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Discussion Starter · #1 ·
Started putting a garden again for the last couple years.
Always plant everything in the same spot.
So far they all are still producing good .
Was just wondering if I rotated the plants (tomato and peppers) if it would make any differance.
What's you all ideas on rotating plants?
 

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We change the locations every other year or so, This helps lessens soil mineral depletion as different lants require different mineral and nutrient percentages. we also plant the same types of plants in different areas of the garden instead of just a full row of Tomatoes then a full row of peppers we intersperse tomatoes and peppers together as an example, that way disease or insects that may attack one type of tomato plant will have a much harder time traveling to other areas in the garden where the same plants are growing, We also use different varieties of tomatoes , cukes, peppers , garlic etc.. IE: we mix our big boy tomatoes in with early girls , or champions. this helps us have tomatoes all season long as they reach maturity at different times in the season.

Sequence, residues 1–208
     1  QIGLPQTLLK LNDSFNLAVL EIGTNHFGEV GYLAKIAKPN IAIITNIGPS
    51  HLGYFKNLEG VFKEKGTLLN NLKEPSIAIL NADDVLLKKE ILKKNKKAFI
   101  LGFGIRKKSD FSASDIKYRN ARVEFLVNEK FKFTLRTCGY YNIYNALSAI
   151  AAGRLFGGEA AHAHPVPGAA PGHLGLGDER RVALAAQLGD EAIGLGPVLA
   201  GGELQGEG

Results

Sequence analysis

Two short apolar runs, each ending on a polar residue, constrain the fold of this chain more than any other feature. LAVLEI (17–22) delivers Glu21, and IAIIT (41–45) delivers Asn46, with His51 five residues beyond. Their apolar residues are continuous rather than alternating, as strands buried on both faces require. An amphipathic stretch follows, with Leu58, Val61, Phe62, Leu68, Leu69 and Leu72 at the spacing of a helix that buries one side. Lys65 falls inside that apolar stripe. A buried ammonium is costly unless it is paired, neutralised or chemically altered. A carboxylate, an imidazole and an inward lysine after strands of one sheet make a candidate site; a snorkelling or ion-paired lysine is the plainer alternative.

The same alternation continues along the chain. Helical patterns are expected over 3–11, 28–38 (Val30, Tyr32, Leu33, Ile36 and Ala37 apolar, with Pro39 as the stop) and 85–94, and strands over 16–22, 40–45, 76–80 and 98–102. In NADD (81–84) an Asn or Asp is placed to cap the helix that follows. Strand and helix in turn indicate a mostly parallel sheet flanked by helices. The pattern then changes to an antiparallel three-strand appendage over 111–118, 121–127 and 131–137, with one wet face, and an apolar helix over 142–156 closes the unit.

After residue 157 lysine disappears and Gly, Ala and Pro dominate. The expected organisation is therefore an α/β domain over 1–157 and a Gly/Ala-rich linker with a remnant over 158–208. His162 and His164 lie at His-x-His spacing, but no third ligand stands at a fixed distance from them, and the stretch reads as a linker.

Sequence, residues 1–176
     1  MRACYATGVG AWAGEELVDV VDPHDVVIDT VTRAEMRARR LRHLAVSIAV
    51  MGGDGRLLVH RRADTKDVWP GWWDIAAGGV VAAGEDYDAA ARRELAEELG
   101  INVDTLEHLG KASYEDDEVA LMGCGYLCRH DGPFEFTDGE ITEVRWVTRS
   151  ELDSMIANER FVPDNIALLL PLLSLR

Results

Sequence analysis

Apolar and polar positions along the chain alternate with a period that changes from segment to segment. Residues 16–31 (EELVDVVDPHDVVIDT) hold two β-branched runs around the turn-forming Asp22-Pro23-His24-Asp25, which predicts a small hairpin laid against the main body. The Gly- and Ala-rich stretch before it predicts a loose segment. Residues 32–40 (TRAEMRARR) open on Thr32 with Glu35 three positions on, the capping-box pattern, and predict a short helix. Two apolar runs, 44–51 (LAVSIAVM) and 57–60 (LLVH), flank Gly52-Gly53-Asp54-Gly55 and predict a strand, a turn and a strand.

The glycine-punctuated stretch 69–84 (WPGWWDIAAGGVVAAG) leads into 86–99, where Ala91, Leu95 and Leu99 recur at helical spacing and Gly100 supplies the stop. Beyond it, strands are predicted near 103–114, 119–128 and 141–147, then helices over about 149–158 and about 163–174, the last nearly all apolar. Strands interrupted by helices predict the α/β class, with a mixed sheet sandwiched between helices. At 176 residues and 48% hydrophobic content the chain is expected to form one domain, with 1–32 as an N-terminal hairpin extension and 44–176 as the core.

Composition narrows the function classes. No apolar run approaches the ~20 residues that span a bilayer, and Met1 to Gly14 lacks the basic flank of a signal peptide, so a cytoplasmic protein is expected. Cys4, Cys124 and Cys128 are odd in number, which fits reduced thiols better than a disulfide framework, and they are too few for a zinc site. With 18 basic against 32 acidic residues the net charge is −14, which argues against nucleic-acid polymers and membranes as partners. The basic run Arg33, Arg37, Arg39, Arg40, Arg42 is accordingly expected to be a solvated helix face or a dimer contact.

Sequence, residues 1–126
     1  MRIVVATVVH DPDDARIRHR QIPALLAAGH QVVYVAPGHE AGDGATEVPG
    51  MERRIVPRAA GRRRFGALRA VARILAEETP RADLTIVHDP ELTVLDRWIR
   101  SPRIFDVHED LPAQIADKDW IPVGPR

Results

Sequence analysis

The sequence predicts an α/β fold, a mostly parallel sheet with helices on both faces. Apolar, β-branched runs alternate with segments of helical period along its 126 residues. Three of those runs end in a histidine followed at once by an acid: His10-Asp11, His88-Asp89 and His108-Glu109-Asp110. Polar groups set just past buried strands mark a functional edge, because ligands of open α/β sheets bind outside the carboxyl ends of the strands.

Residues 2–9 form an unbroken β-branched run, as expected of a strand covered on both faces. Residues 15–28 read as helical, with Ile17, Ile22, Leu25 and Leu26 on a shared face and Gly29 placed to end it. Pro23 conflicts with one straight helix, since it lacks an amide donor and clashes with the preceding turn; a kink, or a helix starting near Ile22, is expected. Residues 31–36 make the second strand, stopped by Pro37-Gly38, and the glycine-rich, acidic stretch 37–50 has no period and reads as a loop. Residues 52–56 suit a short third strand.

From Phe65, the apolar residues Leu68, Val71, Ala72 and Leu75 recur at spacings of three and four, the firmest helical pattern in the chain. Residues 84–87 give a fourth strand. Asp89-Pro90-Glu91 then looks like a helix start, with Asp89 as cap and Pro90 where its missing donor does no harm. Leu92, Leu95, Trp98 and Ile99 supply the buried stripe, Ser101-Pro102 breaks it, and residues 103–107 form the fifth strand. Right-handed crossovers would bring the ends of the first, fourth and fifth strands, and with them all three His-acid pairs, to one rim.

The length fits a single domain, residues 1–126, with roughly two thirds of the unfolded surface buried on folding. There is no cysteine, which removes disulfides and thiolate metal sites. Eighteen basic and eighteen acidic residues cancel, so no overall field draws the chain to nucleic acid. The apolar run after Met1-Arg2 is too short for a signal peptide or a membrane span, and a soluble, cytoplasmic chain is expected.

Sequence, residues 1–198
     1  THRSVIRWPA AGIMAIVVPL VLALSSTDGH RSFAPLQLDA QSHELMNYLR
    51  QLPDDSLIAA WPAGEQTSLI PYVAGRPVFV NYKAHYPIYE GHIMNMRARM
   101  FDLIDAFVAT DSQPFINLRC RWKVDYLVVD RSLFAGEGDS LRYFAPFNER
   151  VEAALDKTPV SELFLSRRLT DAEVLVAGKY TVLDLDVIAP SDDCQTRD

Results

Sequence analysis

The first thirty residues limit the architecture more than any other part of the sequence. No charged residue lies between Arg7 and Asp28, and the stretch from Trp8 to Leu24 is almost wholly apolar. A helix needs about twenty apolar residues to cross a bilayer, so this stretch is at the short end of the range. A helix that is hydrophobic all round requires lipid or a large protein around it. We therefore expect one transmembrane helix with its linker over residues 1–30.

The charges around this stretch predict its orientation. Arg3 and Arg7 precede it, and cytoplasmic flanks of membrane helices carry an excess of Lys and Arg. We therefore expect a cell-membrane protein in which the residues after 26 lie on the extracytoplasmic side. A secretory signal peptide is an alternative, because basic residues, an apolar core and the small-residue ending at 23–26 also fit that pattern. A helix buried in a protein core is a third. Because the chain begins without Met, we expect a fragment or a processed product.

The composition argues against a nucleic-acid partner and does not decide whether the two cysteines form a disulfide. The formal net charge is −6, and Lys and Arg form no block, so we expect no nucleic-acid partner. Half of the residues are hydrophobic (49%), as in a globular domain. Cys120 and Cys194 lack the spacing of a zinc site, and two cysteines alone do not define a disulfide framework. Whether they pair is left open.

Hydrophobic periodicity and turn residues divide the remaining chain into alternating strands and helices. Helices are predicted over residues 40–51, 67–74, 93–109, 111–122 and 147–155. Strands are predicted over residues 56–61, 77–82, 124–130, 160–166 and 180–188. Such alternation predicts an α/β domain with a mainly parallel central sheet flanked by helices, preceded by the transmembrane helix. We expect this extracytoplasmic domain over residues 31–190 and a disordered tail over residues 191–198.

- This approach seems to work for us
 

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To solve this I just run my rows different every year. First year is North to South. Next year is East to West. Taller things get planted farthest from the sun, along with cool weather stuff in their shade to get 3 or 4 more weeks out of them. Works out good and I plant a crop of turnips or collards in the Fall to till under in the Spring. Haven't had any trouble with deficiencies.

You may search for companion planting on the internet. That helps as well. For instance I plant my beans like the old timers did. Sew a climbing bean seed next to corn 4 weeks after the corn is planted. The beans produce nitrogen. Feeds the corn so you don't have to apply as much fertilizer.
 

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Arier ,
I like your Bean approach, I will try this next year.
 

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Always rotate, many diseases and bugs that infest a particular crop (tomato hornworm is one such) will be present in the soil, and just infect the new crop coming in. Also, like has been stated, lessens soil depletion if you rotate, especially nitrogen loads in the soil. Always follow a nitrogen producer with a nitrogen user...
 

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One other thing, remember that some plants, such as tomatoes, and peppers, are related, both nightshades, and can share diseases, as can cucurbits, or vine crops, such as cucumbers, and melons. Rotation should have non-similar crops included.
 
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